It is a somber time to be an American. Rights are about to be taken away from us, and lobbied interests are being upheld over the people’s will. This week, yet another installment of children being mowed down by an AR-15 in school occurred, and one can’t help but wonder why. For years, there has been mass shooting after mass shooting, and the only answer that the government can seem to come up with is to release “thoughts and prayers” into the atmosphere when the words that the people are looking to see from it are “policy and change.”
In lieu of common-sense gun policies like universal background checks and banning assault weapons from the streets of the United States, 50 Republican senators continue to find every nominal excuse in the book outwardly while simultaneously taking hush money from the NRA. The common argument that a “good guy with a gun” will save the day rendered a statistic out of 21 lives this week in my home state of Texas—and it is disgraceful. Yet, people will still fight tooth-and-nail to keep their assault weapons for ostensibly delusional reasons, like the notion that they’d provide utility to citizens in case the government turns to “tyranny” (which is ironic considering that it has).
There is, however, a saving grace in all of this. The U.S. is not the only developed country on this planet that has dealt with this epidemic. Fortunately, there is a comparative lens one can utilize to ascertain what viable remedies exist. Many other countries have dealt with the shock engendered by something of this magnitude, but the difference is that their governments said “never again”—except they actually meant it. Over 25 other countries have stricter gun laws than those of the United States. Now, there is an argument that the history of the U.S. is so intricately rooted in gun ownership that more guns are the answer. It is simple to see how one could honestly believe that’s a founded argument. Still, out of the countries with stricter gun laws, five held similar cultural attitudes toward guns that conceived laws to uphold the lives of their citizens: Britain, Australia, Canada, New Zealand, and Norway. Each one moved to tighten gun laws—and the result of fewer mass shootings is confirmed in droves of studies.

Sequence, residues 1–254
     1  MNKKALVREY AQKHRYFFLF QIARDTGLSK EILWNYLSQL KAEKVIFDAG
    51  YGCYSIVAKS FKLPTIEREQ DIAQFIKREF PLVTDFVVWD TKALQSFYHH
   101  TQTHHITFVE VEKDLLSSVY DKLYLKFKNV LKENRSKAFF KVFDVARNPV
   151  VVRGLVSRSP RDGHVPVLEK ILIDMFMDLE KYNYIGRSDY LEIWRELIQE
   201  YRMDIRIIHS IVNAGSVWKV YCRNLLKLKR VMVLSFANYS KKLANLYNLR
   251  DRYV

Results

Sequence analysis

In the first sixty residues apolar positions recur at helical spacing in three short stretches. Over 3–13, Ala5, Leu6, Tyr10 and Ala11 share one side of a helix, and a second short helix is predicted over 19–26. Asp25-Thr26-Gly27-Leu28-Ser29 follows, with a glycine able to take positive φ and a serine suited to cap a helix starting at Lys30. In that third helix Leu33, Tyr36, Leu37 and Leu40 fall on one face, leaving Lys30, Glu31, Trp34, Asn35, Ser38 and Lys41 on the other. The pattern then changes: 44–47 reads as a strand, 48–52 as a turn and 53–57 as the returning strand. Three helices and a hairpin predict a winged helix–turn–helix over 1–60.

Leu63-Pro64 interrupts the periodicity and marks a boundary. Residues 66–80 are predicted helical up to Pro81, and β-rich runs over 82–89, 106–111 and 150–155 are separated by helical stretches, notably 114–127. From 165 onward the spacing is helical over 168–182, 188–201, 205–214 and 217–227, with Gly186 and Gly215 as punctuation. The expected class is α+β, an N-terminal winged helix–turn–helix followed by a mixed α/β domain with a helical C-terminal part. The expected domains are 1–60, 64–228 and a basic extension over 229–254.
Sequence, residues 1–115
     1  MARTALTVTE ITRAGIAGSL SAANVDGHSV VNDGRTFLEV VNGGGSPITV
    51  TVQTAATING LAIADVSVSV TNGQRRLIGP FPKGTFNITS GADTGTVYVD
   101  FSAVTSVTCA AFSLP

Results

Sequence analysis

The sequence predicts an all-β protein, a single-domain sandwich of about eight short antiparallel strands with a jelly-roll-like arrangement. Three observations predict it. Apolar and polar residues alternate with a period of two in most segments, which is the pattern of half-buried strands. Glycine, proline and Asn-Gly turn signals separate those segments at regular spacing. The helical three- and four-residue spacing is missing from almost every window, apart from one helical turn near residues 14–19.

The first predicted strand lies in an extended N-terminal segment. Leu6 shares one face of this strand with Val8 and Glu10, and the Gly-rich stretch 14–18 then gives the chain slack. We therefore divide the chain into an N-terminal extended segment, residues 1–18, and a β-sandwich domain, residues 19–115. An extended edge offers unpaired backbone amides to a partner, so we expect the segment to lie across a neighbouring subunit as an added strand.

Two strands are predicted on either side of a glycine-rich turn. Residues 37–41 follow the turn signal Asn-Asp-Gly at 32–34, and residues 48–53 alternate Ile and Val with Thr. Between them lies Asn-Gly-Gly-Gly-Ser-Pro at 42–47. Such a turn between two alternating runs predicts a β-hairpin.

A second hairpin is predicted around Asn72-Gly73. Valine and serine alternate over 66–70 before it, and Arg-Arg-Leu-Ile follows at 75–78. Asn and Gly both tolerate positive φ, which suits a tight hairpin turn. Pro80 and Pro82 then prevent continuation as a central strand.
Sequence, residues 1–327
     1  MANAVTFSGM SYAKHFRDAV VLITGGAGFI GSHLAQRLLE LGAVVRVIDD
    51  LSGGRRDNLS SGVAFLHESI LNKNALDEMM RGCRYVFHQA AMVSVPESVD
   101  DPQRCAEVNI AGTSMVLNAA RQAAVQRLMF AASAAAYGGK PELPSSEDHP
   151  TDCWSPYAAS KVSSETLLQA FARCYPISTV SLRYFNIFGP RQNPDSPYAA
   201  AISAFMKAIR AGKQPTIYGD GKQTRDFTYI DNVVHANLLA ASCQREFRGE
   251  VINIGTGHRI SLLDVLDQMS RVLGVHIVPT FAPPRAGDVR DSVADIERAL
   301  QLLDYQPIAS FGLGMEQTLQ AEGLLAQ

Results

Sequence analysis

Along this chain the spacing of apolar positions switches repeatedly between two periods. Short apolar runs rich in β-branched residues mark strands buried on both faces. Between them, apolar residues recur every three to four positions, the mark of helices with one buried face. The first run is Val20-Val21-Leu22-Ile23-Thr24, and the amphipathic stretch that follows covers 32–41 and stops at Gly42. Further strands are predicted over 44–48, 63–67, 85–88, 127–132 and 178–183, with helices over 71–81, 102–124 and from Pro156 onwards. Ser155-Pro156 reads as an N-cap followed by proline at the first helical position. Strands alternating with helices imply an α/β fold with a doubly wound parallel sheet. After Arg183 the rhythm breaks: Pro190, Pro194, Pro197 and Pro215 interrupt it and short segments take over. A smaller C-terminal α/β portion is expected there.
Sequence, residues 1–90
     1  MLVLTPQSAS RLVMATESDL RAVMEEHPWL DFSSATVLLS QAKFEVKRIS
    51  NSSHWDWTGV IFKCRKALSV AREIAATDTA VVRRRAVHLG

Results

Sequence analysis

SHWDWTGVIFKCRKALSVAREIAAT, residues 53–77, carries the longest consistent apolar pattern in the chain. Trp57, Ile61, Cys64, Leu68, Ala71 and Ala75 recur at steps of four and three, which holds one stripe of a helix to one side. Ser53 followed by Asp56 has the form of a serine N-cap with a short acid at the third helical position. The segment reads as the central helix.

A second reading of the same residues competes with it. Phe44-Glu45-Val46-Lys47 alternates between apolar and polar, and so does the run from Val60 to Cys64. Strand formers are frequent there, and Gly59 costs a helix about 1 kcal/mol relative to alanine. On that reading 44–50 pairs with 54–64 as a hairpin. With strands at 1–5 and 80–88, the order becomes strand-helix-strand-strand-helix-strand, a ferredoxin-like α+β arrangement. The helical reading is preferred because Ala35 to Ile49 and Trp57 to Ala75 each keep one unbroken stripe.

Since 2009, there have been 288 school shootings in the U.S. alone and 45 in the following 26 countries (including the aforementioned five) combined. There have been 212 mass shootings of any kind in the U.S. this year alone. So yes, something must be done; the blood of Americans is on the hands of the ‘pro-life’ politicians accepting NRA money while simultaneously turning a blind eye to the massacres of the very children that they claim to protect so dearly. Therein this country does not need ‘thoughts and prayers.’ It requires policy and change—or your child could end up a statistic of needless violence.